IS THE US BANKRUPT?
Do Federal Reserve managers secretly believe that the U.S is bankrupt and is about to go under?
Well, where there's smoke, there's fire!
A stunning 23 page report by Professor Laurence J. Kotlikoff titled "Is the U.S. Bankrupt?" was issued by the Federal Reserve Bank of St. Louis in November, 2005, and quietly posted on their public website. Although publicly accessible, it was totally ignored by the U.S. press.
Kotlikoff is professor of Economics at Boston University and has penned at least 355 papers published by the Federal Reserve over several years.
Kotlikoff concludes that "Countries can and do go bankrupt. The U.S., with its $65.9 trillion fiscal gap, seems clearly headed down that path."
The fiscal gap of $65.9 trillion is more than 5 times U.S. Gross Domestic Product and twice as large as national wealth. The fiscal gap is all the money that the U.S. owes now and in the future, for which it doesn't have revenue to pay for. According to the Kotlikoff,
Imagine Ben Bernanke, chairman of the U.S. Fed., getting up in front of Congress and stating "The U.S. is clearly headed toward bankruptcy!"
The stock market would crash, the dollar would melt down, the bond market would implode and real estate would be frozen in time.
The greater question is, "What does the Fed intend to do about its bankrupt client? After all, the Fed has the exclusive franchise to loan money to the government and for the issuance/destruction of money and credit in the U.S. The Fed has only one client- the U.S. Government - and it is about to bite the monetary dust.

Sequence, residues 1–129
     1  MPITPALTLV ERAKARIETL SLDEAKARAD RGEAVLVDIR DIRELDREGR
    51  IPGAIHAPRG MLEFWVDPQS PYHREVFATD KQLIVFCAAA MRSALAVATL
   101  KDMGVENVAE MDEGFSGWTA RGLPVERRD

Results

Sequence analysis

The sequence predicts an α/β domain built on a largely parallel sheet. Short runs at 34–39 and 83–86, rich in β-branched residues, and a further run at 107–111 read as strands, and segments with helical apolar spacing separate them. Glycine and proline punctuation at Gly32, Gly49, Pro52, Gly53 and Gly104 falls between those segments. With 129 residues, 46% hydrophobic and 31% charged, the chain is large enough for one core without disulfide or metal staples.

This writer believes that the Fed's proactive response is already well underway, but we have not recognized is as such -- until now.
As of June 29, 2006, the Fed has raised discount rates for the 17th straight time. This has the effect of withdrawing credit from the banking system. In other words, the Fed has been pulling in its loans and creating resistance for bankers to not lend as freely as before. Ask around the banking community (as I have done) and see how willing they are to loan money these days! They are collectively pulling in their horns.
When John Snow abruptly resigned as Secretary of Treasury on May 30, 2006, President Bush immediately nominated his replacement: Henry Paulson, CEO of Goldman Sachs. Goldman Sachs is part of the white-hot core of global banking, ranking with Brown Brothers, Harriman, Lehman Brothers, Kuhn Loeb, Inc. J.P. Morgan, Chase and others. Is Paulson such a patriot that he would leave a $38 million per year job for the paltry salary of the head of Treasury? After all, he was the highest paid CEO on Wall Street and was still rising. Also consider that Paulson's personal stock in Goldman Sachs is currently worth almost $500 million. He is no pauper!
Against any other possible logic, it's more likely that Paulson went on the inside (of government) to protect his crony's investments: And what better place to do that than as head of the U.S. Treasury?
This writer hates to be a pessimist, but this does not make for an optimistic near-term or long-term forecast. Monetarily speaking, it's time to "run for the hills."
The demise of the dollar may be at hand.
note: For you history buffs, compare today's monetary scenario
with 1928-1929 and the subsequent sharp removal of credit from the
manic stock market of the 1920's.)
Patrick M. Wood is editor of The August Review, which builds on his original research with the late Dr. Antony C. Sutton, who was formerly a Senior Fellow at the Hoover Institution for War, Peace and Revolution at Stanford University. Their 1977-1982 newsletter, Trilateral Observer, was the original authoritative critique on the New International Economic Order spearheaded by members of the Trilateral Commission.
Their highly regarded two-volume book, Trilaterals Over Washington, became a standard reference on global elitism. Wood's ongoing work is to build a knowledge center that provides a comprehensive and scholarly source of information on globalism in all its related forms: political, economic and religious.
Web Site: www.AugustReview.com
The stock market would crash, the dollar would melt down, the bond market would implode and real estate would be frozen in time. The greater question is, "What does the Fed intend to do about its bankrupt client?